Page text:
Blogs > Liberty and Power > Liberty, Policy, and Natural Disasters

Jan 26, 2005 9:33 am

Liberty, Policy, and Natural Disasters

It occurs to me that my NPR appearance gives me a chance to plug the piece I wrote on those themes for a 2002 Hoover Press volume, edited by Tibor Machan, entitled Liberty and Hard Cases. My essay, Liberty, Policy, and Natural Disasters, is on-line, as is the rest of the volume.

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David Lion Salmanson - 1/31/2005

I type like that all the time. Steinberg's point is saying that shit happens encourages people to build stuff in places where shit is more likely to happen. It's used by people who want the state to pay for their high risk behavior. There is also a fundamental difference between say, building on a floodplain and building on higher ground and having the flood plain enlarge because of increased run-off due to suburban sprawl/bad land and water management practices. Steinberg's book is really sharp, and I think his work will deepen your analysis not necessarily change it.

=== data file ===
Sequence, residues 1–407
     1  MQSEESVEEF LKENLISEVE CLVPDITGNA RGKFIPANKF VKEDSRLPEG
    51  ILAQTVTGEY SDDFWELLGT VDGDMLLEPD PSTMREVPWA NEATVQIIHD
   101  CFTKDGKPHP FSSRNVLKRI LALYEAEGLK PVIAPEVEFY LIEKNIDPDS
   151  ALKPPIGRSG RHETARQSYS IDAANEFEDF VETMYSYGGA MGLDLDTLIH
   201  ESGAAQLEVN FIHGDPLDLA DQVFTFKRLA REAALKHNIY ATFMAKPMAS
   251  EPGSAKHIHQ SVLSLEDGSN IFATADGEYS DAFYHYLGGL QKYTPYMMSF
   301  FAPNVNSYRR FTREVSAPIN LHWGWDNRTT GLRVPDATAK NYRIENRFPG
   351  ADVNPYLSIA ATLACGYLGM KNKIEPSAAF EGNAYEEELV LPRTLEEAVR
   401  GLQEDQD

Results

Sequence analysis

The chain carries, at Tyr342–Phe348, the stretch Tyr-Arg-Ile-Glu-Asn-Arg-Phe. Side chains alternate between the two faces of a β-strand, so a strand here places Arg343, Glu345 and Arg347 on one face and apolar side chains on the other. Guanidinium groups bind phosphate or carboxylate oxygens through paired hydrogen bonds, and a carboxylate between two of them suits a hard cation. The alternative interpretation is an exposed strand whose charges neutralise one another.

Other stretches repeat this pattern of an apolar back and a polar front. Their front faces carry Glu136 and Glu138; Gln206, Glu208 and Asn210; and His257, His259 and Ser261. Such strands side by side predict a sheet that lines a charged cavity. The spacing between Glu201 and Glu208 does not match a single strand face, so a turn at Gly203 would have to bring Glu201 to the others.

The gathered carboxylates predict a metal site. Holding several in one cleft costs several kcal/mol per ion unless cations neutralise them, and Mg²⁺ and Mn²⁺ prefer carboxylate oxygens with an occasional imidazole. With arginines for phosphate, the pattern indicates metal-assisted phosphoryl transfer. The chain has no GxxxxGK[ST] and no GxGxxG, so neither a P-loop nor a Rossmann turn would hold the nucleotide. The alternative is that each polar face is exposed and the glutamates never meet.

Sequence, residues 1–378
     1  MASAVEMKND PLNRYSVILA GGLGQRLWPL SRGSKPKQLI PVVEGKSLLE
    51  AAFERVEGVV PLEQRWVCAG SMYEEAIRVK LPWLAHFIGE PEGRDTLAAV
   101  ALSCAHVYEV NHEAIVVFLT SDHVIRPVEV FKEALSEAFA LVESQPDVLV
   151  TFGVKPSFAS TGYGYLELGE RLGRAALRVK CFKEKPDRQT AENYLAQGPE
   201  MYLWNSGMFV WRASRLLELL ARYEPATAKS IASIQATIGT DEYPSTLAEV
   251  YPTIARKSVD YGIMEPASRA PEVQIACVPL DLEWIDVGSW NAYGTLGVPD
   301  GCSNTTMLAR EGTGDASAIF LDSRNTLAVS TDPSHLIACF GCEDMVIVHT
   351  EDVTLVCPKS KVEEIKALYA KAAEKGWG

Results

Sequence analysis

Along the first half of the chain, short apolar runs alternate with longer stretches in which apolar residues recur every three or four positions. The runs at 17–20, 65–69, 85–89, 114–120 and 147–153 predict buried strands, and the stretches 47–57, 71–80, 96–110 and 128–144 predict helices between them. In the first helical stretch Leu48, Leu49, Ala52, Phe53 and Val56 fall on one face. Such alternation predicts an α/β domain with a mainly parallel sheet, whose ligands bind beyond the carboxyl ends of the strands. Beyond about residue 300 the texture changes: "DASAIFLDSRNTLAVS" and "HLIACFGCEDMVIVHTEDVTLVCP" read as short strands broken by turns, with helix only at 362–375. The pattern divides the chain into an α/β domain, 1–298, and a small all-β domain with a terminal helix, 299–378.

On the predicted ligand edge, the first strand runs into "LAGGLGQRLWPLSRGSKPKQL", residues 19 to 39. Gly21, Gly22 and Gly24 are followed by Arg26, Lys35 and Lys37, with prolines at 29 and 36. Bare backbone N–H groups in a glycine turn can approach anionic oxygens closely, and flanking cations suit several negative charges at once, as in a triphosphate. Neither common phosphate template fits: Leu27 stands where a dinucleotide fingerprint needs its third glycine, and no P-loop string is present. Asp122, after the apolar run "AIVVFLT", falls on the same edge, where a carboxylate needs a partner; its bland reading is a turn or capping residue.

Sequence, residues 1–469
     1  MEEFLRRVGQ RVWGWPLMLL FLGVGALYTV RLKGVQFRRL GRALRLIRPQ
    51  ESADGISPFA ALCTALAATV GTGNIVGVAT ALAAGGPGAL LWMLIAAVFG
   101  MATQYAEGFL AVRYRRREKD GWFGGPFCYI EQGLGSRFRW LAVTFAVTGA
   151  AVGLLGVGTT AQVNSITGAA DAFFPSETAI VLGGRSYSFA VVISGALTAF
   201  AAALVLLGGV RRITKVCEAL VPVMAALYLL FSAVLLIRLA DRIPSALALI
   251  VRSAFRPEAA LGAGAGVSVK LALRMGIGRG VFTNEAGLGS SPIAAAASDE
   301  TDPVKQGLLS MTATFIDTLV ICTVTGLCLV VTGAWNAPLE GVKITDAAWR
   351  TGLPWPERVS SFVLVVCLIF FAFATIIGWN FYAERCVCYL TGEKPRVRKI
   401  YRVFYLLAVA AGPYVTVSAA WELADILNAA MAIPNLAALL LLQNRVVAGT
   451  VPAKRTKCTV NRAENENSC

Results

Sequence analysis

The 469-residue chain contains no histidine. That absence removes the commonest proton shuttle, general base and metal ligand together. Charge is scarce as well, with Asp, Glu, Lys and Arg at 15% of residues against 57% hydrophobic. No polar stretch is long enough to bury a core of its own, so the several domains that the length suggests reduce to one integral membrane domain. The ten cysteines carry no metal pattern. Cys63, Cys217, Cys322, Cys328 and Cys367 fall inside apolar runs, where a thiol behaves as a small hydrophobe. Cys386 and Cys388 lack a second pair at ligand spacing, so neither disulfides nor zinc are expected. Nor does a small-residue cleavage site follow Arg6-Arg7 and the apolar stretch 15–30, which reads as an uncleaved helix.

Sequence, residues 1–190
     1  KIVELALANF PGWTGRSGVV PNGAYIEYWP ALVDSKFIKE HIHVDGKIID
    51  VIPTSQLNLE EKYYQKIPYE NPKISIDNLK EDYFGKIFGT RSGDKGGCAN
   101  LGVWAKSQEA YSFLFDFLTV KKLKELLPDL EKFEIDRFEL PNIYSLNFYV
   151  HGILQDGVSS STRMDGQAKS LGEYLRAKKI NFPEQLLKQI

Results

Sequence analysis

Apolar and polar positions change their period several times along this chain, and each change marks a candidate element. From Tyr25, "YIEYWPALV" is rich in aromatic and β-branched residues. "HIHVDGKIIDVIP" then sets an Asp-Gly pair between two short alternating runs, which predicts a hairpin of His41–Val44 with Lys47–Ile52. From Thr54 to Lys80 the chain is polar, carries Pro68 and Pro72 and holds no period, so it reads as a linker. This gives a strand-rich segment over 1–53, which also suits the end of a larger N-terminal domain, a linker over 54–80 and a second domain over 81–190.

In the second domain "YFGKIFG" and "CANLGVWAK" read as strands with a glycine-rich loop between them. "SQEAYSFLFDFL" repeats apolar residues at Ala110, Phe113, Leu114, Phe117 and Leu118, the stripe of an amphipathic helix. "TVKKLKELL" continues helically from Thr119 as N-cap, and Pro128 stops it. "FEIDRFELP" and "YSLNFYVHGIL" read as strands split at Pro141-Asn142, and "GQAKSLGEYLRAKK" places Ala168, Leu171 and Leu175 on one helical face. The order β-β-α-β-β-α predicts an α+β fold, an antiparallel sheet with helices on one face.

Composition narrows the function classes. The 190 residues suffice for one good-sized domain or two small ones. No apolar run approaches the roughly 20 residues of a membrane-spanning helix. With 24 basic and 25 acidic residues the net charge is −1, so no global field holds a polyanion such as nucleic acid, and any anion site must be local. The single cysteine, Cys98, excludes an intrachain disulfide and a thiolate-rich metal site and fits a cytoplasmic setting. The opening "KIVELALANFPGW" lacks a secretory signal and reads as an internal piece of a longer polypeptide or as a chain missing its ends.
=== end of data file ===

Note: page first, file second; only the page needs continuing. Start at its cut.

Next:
Aeon J. Skoble - 1/26/2005

Sorry about the typos in my previous reply -- hand not healed yet.

Aeon J. Skoble - 1/26/2005

If Steinberg knows a way to prevent natural disasters, that's pretty cool. My guess is that either I'm not getting your point, or your not getting mine, whihc was just that, meterologically and geologically speaking, s**t happens. It's predicatble that earthquakes will happen more frequently along faultlines then elsewhere, but I'm not aware of a prevention mechanism.

David Lion Salmanson - 1/26/2005

I only hit page two or three when I came across the line, "since they are natural disasters, they cannot be prevented," or something similar. Ted Steinberg in "Act of God: The Unnatural History of Natural Disasters" demolished the use of this rhetoric. Worth a look since you will find much to support the rest of your argument..., and much that will challenge it as well.